Add in wildlife
You have probably already seen one of the popular sayings, “The background is just as important as the subject,”. A great subject photographed against a busy scene produces a busy picture. A winning image is one with a great subject and a great backdrop.
A beautiful backdrop for a wildlife picture can be a crisp fall landscape. Watch for circumstances where the background can be blurred into a splash of color. Go for the view where warmth is all around the animal.
Aim for an environment where the animal’s color blends with the surrounding elements. Be mindful of the interaction between the animal’s light and the background light. These elements will all either strengthen or weaken the image.
Manage the depth of field
In some circumstances, it’s preferable to have a background that is softly blurred and colored to go together with the subject. However, for the expansive autumnal countryside, foreground-to-background clarity frequently works better.
A long lens, large aperture, and separated subjects are the ingredients for the out-of-focus situation. A wide-angle lens, a small lens opening, and the usage of your lens’ hyperfocal setting to maximize sharpness all around are the ingredients for the everything-in-focus shot.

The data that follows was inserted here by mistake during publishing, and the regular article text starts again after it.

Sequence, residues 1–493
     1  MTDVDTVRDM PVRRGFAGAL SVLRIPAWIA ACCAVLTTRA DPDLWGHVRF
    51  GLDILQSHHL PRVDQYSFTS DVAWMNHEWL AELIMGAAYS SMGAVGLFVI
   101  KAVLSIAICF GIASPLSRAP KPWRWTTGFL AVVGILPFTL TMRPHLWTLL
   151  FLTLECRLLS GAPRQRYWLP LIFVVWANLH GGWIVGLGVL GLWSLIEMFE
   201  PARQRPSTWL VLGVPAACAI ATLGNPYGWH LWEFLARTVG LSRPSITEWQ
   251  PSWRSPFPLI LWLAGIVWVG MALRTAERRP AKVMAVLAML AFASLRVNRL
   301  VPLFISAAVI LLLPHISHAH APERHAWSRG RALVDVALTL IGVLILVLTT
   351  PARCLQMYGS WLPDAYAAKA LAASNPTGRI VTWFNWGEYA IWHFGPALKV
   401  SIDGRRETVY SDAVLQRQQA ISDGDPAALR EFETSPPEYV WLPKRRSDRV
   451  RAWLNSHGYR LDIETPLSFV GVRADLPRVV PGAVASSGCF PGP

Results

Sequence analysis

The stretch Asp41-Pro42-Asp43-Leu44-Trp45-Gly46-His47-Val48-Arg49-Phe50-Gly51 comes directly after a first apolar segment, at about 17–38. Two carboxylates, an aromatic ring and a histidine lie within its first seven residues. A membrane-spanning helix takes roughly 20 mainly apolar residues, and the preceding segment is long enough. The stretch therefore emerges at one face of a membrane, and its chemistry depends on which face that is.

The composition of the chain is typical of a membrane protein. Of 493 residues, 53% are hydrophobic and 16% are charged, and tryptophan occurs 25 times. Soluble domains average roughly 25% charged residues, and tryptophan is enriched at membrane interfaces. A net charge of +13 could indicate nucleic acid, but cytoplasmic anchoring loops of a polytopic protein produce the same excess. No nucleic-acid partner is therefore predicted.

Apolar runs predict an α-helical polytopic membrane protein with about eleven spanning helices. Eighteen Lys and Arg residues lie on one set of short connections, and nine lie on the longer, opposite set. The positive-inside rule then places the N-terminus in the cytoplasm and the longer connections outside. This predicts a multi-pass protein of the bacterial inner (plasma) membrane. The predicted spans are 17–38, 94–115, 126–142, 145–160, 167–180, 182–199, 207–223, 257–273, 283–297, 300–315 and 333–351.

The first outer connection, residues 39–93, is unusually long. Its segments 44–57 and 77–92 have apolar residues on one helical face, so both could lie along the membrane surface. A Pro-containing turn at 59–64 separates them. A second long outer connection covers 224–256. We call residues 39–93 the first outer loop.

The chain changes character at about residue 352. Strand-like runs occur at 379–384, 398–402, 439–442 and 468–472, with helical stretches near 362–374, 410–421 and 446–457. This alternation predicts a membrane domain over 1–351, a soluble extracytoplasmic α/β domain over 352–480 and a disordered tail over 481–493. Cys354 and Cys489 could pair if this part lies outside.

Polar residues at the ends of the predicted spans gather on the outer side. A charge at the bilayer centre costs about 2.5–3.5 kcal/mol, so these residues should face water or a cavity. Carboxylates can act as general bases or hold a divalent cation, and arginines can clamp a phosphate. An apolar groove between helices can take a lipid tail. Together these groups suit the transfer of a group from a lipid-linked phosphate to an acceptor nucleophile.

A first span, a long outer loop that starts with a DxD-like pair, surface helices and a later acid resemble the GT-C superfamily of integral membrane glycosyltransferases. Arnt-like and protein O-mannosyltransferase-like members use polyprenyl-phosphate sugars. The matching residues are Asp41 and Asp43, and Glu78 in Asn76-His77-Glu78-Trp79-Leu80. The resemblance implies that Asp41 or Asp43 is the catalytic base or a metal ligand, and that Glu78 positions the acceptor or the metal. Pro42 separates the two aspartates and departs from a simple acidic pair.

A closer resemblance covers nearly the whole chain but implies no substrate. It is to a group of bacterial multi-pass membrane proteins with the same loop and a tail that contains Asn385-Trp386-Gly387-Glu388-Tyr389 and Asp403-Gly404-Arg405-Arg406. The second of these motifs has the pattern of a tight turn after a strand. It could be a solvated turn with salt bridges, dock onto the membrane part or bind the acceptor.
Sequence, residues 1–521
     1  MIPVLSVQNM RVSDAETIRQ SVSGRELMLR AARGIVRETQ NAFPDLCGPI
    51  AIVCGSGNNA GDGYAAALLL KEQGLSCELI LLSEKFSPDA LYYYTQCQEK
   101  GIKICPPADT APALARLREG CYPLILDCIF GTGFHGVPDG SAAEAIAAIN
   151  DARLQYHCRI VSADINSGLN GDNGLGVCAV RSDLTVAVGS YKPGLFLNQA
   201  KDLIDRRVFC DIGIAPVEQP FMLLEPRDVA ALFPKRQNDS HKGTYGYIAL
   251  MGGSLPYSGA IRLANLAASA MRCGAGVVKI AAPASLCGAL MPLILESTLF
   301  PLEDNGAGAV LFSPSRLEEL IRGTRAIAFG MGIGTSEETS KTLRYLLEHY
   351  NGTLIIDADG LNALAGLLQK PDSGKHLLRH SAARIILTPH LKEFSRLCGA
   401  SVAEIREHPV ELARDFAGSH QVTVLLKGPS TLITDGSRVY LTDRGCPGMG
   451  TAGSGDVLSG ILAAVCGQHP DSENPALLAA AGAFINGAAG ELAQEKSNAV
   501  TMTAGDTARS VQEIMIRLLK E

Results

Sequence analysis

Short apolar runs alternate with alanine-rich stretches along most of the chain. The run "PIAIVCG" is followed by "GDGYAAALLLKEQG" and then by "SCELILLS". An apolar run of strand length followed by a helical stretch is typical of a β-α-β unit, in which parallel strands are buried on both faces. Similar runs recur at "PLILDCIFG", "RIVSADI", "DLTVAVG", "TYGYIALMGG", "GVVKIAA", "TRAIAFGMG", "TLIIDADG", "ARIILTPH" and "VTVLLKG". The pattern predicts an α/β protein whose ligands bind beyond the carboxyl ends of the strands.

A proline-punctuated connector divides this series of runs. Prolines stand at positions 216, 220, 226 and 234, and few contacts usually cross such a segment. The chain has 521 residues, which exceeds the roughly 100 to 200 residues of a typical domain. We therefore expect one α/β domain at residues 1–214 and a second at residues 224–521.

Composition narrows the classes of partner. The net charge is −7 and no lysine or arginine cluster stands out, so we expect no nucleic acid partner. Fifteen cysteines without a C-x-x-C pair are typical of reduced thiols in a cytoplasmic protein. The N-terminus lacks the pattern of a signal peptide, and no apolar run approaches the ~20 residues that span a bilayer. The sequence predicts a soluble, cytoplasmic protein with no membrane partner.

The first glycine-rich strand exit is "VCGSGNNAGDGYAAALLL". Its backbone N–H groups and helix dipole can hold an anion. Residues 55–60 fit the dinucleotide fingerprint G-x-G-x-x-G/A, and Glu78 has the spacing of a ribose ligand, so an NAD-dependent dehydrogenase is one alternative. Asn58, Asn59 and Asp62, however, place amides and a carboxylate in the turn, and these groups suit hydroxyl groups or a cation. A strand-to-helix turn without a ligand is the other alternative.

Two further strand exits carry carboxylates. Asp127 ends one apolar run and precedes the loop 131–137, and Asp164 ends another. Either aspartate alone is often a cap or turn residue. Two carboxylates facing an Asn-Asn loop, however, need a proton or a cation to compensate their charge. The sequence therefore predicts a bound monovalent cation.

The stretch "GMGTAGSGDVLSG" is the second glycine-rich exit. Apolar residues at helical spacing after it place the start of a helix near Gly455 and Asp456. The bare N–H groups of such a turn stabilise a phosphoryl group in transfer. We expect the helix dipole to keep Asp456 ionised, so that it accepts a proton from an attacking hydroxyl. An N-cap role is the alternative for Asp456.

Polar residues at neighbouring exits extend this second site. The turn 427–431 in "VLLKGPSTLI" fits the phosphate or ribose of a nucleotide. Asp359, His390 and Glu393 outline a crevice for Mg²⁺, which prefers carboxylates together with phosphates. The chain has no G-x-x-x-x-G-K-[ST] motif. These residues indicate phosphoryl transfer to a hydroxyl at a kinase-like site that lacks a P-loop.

Most photographers favor taking pictures of the great fall scenery. Fantastic subjects include the expansive red tundra of the high country, the aspen-covered Rockies, the New England highlands covered in maple trees, and the New England mountains covered in massive autumn groves.
But in each of these situations, use your “telephoto eyes” as you move from composition to composition. Instead of focusing solely on the area in front of you, look down at the small features at eye level or on the ground. Look up at the few, magnificently colored branches set against the crisp, blue fall sky.
The perfect shot of fall is frequently above or below your range of vision. Don’t rule out the opportunity to take a snapshot of an early autumn scene. Bring out the macro and start shooting.